Yet another anomaly emerged this week when people expressed their astonishment that the town managed to find bunting to mark the passage of the Olympic torch, after failing dismally to do so for the Diamond Jubilee. We don’t know about the colours – but in her infamous quote, Councillor Yvonne Gunter said that she wanted to see
We tottered the few yards from No 1 Eye Street to watch the Olympic procession passing by, and to be honest, were frankly a bit disappointed as the sponsors’ vehicles trundled past. They – plus all the other hangers on – made the arrival of the torch something of an anticlimax. What struck us most was the unnecessary "security" - involving around ten police motorcyclists, four police cars and their occupants and who knows how many others on foot. It seemed to us to be massive overkill – and we could not help but notice that plenty of police officers of all stripes could be mustered for events that are overtime magnets– the Mayoral service at Boston Stump is another example - yet are never seen on the streets or around the place when you want them. And once again,Something which probably boosted the publicity allocated to the coast was East Lindsey’s coincidental SO Festival comprising 39 local sporting, heritage and cultural events to showcase the district and attract visitors. Whilst East Lindsey District Council was the primary funder, support was also forthcoming from Arts Council England, Centrica, Lincolnshire County Council, and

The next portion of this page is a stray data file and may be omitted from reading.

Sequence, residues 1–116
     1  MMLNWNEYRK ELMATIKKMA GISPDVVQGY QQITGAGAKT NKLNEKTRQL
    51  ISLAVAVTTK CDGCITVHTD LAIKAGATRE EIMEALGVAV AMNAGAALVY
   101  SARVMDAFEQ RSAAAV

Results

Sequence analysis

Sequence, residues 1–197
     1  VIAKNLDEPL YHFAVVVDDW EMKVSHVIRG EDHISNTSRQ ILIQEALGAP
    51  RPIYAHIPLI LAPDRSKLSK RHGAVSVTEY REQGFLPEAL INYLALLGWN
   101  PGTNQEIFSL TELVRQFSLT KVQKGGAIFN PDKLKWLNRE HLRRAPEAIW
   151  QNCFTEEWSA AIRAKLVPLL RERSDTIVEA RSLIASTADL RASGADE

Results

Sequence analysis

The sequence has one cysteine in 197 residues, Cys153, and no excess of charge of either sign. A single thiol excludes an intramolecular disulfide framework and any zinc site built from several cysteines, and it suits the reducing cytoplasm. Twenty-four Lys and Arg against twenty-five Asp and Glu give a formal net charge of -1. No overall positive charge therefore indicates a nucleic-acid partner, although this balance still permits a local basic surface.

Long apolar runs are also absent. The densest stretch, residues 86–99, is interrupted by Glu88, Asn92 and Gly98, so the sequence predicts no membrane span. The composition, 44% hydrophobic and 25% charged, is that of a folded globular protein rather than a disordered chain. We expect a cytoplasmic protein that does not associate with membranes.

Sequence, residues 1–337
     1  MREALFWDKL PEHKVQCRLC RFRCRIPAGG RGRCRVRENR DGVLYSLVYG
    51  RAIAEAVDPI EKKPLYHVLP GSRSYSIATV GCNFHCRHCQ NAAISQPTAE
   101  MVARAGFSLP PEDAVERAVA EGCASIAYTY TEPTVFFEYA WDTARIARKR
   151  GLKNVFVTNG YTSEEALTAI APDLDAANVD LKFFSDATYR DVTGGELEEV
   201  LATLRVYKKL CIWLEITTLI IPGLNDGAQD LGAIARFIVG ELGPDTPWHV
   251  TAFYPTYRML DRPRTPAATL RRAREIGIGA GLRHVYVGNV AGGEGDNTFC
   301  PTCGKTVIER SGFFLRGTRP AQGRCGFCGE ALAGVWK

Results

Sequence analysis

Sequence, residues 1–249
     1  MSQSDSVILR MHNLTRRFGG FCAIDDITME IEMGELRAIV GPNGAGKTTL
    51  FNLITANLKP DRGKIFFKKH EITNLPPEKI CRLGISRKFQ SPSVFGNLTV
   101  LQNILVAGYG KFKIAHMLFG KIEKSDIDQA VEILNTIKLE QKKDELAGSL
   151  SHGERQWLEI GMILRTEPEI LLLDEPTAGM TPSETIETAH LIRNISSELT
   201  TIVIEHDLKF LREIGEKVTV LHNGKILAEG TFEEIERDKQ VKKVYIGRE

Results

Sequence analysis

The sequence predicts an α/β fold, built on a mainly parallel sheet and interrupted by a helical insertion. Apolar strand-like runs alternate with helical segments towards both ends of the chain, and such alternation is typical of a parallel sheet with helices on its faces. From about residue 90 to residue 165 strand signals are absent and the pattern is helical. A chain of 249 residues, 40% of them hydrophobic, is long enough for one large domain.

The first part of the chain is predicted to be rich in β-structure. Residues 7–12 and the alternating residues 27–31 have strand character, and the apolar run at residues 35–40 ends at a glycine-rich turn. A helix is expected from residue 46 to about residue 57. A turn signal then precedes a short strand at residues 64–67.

appears to have missed the boat in terms of coverage. The BBC’s Look North was very generous towards Boston Grimsby, Skegness, and , of course - whilst even lowly
Ingoldmells and Hogsthorpe got good airtime. Lincoln Grimsby
abseiled the torch down a tower, whilst
Skegness hosted a flypast by our local
bomber. Their imagination and ingenuity was reflected in the
coverage. Lancaster managed around three seconds, during which a woman did a handstand.
And even though the BBC national website hosted a link to that of Boston
Borough Council, details of the torch and its route were sadly absent. Boston
Much of this is down to good promotion, and - whilst the latest edition of Lincolnshire County Council’s
Yesterday, we mentioned the number of senior officers at Boston Borough Council who no longer work full-time for the authority. Shortly afterwards, we stumbled on this entry on the social networking page Linkedin …
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Could someone please explain …?A visitor to Wednesday night’s final meeting of Boston Borough Council’s immigration task and finish group tells us: “It went quite well, and the chairman made a point of understanding that due to the lateness in forwarding questions, that if we had any problems answering we could have time to send them in. The visiting professor (Gary Craig) made some very valid points, but alas, his visit was only a short one as he had to catch a train at 7.30 pm. It was by far the busiest meeting yet and even a few attendees were given a chance to have a say - so quite refreshing. Alas, it will be September before the findings of the meetings will be put together in a report we were told, So that time scale may not go down to well with those who may vote for the march to go forward at next week’s meeting.”